He elaborated a bit on that last point today:

“We have not seen a court overturn a law that was passed by Congress, on a economic issue, like healthcare — like I think most people would clearly consider commerce — a law like that has not been overturned at least since Lochner [vs New York, 1905],” Obama told reporters during the question-and-answer session of the Associated Press luncheon…

“The point that I was making is that the Supreme Court is the final say on our Constitituon and our laws, and all of us have to respect it,” Obama said. “But it precisely because of that extraordinary power that the court has trad exercise significant restraint” when considering laws passed on the basis of the Commerce Clause.

His point is that the two landmark cases over the past 20 years in which the Court struck down laws passed under the Commerce Clause didn’t really have to do with commerce. One was a gun-control measure and the other was the Violence Against Women Act. In those cases, he’s saying, you can understand why the Court would object: The statutes are targeting activity that isn’t really commercial in the guise of “commercial” regulation. In this case, with O-Care, the activity in question really is commercial. All of which is super, but it’s based on the standard liberal idea that there really is no conceptual limit to the Commerce Clause except the Bill of Rights. As long as Congress is genuinely trying to regulate commercial activity and they don’t step on any First or Second Amendment rights, they can pretty much go nuts. Just vote ‘em out if they do. Who needs enumerated powers?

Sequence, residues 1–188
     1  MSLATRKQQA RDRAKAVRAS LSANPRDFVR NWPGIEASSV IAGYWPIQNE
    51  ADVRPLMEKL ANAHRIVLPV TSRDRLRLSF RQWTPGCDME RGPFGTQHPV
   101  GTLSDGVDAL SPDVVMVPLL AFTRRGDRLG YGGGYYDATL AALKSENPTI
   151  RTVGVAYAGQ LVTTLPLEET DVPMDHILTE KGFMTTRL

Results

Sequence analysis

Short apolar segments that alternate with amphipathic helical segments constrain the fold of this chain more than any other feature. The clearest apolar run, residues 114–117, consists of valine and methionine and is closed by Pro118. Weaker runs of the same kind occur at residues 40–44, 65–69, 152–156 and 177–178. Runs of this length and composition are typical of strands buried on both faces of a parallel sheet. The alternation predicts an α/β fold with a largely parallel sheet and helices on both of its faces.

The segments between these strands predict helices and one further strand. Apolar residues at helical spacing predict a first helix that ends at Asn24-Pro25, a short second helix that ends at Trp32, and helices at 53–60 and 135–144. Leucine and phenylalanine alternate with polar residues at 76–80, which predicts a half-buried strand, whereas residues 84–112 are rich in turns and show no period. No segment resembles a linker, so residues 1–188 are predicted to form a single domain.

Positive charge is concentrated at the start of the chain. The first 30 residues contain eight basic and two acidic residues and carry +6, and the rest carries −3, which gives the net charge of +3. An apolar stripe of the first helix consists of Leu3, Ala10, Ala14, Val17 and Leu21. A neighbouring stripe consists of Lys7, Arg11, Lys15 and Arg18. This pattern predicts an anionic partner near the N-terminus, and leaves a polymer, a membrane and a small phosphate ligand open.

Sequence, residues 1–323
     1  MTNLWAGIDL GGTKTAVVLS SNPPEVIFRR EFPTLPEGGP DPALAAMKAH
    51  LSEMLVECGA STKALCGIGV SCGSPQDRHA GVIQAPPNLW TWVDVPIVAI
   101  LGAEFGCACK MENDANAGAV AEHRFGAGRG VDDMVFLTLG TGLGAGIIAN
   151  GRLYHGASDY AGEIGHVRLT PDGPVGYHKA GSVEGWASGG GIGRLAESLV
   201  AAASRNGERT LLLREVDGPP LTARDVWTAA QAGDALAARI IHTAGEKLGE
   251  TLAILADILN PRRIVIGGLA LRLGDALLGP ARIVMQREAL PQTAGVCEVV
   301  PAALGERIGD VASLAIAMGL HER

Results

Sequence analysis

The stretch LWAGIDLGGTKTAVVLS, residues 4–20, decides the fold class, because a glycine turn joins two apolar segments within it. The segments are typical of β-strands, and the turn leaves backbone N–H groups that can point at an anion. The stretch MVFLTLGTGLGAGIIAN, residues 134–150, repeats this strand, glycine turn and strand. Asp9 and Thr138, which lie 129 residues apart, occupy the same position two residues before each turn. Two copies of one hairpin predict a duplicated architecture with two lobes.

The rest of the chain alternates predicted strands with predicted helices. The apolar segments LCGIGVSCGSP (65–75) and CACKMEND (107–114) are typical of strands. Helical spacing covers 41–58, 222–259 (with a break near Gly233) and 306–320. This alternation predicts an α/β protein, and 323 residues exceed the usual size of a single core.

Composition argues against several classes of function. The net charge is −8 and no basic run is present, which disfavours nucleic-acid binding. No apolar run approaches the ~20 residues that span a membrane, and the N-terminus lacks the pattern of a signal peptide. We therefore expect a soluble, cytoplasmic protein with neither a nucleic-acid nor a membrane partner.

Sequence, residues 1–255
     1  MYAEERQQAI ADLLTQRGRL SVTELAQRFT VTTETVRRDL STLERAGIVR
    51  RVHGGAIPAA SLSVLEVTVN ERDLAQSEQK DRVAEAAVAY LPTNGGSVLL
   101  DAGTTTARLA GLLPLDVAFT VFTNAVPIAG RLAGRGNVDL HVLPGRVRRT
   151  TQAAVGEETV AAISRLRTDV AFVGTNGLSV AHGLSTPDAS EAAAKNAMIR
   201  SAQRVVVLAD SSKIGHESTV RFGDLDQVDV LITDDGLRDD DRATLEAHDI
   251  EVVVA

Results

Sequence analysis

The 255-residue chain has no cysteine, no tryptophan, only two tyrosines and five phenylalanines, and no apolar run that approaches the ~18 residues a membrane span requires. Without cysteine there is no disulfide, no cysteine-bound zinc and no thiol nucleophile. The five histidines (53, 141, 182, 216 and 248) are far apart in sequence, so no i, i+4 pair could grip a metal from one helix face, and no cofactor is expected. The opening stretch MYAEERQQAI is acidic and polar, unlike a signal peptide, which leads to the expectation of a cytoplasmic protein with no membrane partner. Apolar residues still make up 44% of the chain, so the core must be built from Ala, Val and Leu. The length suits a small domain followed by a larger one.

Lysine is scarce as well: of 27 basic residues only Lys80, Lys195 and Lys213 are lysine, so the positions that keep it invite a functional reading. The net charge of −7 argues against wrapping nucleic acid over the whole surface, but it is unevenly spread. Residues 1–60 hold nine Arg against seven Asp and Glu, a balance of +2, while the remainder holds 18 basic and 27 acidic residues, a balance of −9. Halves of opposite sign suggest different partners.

Via the Daily Caller, here’s Scarborough wondering why a con law prof would go out of his way to blur the lines on separation of powers. Elections, dear boy, elections!

Update: A friend who’s an appellate lawyer answers my question in the intro:

It is not common for appeals courts to introduce party statements from outside the courtroom and demand explanations, but that’s only because most litigants aren’t dumb enough to make statements outside the courtroom likely to impact their cases. The notable exception to that general rule is the government-as-litigant, which, because it is led by politicians and ever-shifting public policy, is more likely than most litigants to have to explain statements or policies that may run against its best legal interests.